A widespread outbreak of an infectious disease can cause serious illness and death, disrupting many areas of our lives. Alongside the physical health impacts, it can affect us socially, financially and mentally. And the consequences for public health, employment and economic development can last for many years.
Everyone plays a key role in protecting themselves and others during an outbreak. Knowing what to do can help limit the disease’s spread, save lives, and minimise the pressure on health and other public services.
A pandemic is defined as a disease outbreak that spreads throughout the world. Pandemics are caused by infectious diseases that transmit easily and quickly, causing ill health and death, as well as many wider effects on individuals, communities, organisations and societies.
The Pandemic Awareness course explains terms such as endemic, epidemic and pandemic, which describe the state of a disease outbreak. It also highlights some well known pandemics in history and the negative impact they have had. As our knowledge of infectious diseases and pandemics grow, it is important to recognise facts from myths. The course provides up-to-date information and debunks some common myths.
There are many ways that infectious diseases can spread. But this course focuses on how to prevent the spread of contagious diseases that transmit from person to person through respiratory droplets, such as Covid-19 and influenza. Diseases that have different methods of transmission are mentioned, but are not the main focus.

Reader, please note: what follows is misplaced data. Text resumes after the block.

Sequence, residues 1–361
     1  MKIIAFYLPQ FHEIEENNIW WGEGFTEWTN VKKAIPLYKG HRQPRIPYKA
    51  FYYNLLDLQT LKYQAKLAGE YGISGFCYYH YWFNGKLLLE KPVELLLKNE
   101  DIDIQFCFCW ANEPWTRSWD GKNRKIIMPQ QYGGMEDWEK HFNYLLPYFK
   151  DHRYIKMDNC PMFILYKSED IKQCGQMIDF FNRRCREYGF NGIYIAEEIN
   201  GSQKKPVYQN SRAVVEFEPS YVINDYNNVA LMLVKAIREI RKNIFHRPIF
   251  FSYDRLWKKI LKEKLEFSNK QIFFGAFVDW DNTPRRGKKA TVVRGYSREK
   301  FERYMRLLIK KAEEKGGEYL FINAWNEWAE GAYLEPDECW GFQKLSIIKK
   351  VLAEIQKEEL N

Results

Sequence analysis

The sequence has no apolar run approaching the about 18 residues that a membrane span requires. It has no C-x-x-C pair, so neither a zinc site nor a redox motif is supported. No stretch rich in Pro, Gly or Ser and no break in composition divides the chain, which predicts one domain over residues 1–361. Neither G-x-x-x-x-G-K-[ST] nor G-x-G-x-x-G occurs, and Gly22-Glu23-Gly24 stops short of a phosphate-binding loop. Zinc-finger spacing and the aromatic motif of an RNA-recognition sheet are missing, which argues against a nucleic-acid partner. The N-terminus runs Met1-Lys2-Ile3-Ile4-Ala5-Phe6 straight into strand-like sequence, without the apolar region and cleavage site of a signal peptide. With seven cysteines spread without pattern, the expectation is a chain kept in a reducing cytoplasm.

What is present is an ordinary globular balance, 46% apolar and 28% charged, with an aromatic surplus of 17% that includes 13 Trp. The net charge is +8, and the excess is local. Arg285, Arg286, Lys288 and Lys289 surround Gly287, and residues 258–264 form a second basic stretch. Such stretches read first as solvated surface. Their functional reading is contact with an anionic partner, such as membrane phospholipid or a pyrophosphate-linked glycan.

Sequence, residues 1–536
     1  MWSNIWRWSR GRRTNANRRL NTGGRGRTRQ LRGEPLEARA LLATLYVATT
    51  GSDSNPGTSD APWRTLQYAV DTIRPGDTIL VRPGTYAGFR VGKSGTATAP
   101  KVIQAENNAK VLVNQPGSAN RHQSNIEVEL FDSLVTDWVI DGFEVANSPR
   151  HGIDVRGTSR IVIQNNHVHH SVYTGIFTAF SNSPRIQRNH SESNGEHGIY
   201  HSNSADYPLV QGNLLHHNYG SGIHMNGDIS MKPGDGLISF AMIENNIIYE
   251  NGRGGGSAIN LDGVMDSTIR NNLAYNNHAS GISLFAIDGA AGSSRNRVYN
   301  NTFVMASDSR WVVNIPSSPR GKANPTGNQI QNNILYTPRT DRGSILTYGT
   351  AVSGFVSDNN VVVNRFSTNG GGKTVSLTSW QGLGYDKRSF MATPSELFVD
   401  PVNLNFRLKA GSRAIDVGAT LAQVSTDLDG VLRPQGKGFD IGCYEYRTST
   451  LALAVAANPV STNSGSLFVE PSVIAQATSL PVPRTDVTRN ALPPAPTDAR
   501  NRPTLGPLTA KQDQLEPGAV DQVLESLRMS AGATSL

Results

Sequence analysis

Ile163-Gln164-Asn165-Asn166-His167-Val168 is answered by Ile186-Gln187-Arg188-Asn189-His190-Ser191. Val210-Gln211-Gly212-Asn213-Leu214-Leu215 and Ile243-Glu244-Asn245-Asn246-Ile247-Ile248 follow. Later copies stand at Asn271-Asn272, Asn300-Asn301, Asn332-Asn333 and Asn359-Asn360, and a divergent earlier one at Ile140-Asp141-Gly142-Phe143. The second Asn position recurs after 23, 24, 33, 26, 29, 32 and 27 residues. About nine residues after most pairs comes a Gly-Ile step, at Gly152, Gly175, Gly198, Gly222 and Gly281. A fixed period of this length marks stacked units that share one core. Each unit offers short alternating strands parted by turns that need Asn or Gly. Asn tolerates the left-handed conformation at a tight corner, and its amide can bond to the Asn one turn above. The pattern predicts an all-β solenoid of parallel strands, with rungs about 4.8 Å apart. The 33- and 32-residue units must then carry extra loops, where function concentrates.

The course sets out what individuals can do to prevent the spread of a disease, for example, practising good respiratory hygiene, washing hands regularly, maintaining social distancing and wearing a face covering.
One of the biggest lessons of the Covid-19 pandemic has been the need to to consider mental health and wellbeing. The course provides tips to help you take care of your own and others’ mental health, and advice on how to get support if you or someone else is struggling.
The course informs employees about the organisational control measures they can expect to see in their workplaces during a pandemic, for example:
- arrangements to maintain social distancing
- face coverings or PPE requirements
- robust cleaning and disinfecting routines
- provision of more waste bins, tissues, soap, hand sanitisers and cleaning supplies
- regular communication with staff about health, safety and wellbeing concerns
There is information about how employees should respond if they develop symptoms of, or suspect they might have been exposed to, the disease while at work or at home.
This Pandemic Awareness Online Training course takes on average 35 minutes to complete.